'Stay Close'
Source: Netflix

Fans Are Disturbed by the Oddball Ken and Barbie Killers in 'Stay Close' — What Inspired Them?

Bianca Piazza - Author
By

Jan. 6 2022, Published 5:46 p.m. ET

Harlan Coben's limited mystery series Stay Close is taking the Netflix platform by storm. Fans are living for the juicy drama, thrilling twists, and unique characters. Based on Harlan Coben's 2012 novel of the same name, the story follows three unsuspecting people living in Blackpool, England — a suburban soccer mom, a photojournalist, and a detective — whose lives are upended by the reigniting of a past incident. The lives they currently live are facades just waiting to come undone.

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Among the candy-coated facades featured on the series is the one held by eerily preppy couple Ken (Hyoie O'Grady) and Barbie (Poppy Gilbert) — aka the "musical theater murderers." That's right, these two oddballs sing and dance, distracting their prey, before brutally murdering. Naturally, they accomplish this without a hair out of place.

Their pearly white smiles and innocent airs only make these hitmen — who are hired to kill witnesses and Nosey Nellies snooping around the show's missing person cases — creepier. Ken and Barbie are only further incentives not to bully the weird theater kids in high school, folks.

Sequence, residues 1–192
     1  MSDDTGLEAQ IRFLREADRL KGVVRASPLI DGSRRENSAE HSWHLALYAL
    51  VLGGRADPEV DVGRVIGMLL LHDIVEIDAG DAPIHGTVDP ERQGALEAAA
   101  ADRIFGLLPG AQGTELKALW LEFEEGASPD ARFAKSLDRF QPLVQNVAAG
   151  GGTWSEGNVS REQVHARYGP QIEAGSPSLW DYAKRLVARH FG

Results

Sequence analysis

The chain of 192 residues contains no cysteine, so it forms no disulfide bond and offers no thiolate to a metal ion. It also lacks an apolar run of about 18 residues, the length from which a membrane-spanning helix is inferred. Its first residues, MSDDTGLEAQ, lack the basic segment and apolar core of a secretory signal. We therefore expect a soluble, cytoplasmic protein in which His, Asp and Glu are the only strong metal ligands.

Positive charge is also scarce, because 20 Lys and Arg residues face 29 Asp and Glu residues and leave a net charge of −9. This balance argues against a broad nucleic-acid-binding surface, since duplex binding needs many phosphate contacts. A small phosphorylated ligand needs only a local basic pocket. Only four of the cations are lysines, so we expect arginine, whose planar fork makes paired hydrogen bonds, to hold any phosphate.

So, what inspired this twisted, murderous duo? Harlan Coben has answers.

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'Stay Close'
Source: Netflix

What inspired the Ken and Barbie killers in 'Stay Close'?

Understandably, many viewers connected the Ken and Barbie killers in Stay Close to the real-life "Ken and Barbie" serial killer duo: Paul Bernardo and Karla Homolka. The Canadian couple, known for their good looks, are infamous for raping and murdering at least three minors — including Karla's little sister — in Toronto and Ontario circa the '90s. Though these two despicable monsters have the same title, they are not the inspiration for Harlan's ruthless Ken and Barbie hitmen.

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Harlan Coben divulged where he found inspiration for the vile, almost campy killing duo in a statement, as reported by Radio Times.

“At half-time in NFL football games in the ’70s and ’80s there used to be group called Up With People, who would perform this really wholesome act,” he explained.“They would sing all these Kumbaya-type songs and they had these fake painted smiles on."

"I’m sitting there going, ‘There’s got to be more behind those fake painted smiles.’ So I decided, wouldn’t it be cool if two of them were kind of psychotic killers?" Harlan continued.

Well, that's an extremely specific form of inspo, and we love it. He went on to discuss the contrast between Ken and Barbie and the rest of the cast, clearly well aware that not every viewer will "get" them.

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“They are the moments in the show where you go, ‘What the — where are they going with this?’ I kind of like that. I think Ken and Barbie keep us off balance a little bit. And yet as outrageous as Ken and Barbie are there is something about them that feels grounded and realistic,” he said.

Though we're not sure what world Harlan is living in to consider Ken and Barbie realistic, we certainly agree that they leave us scratching our noggins — not to mention shaking in our boots. In a strange way, Ken and Barbie even offer a sense of comic relief. But perhaps morbid comedy is an acquired taste.

All eight episodes of Stay Close are currently streaming on Netflix.

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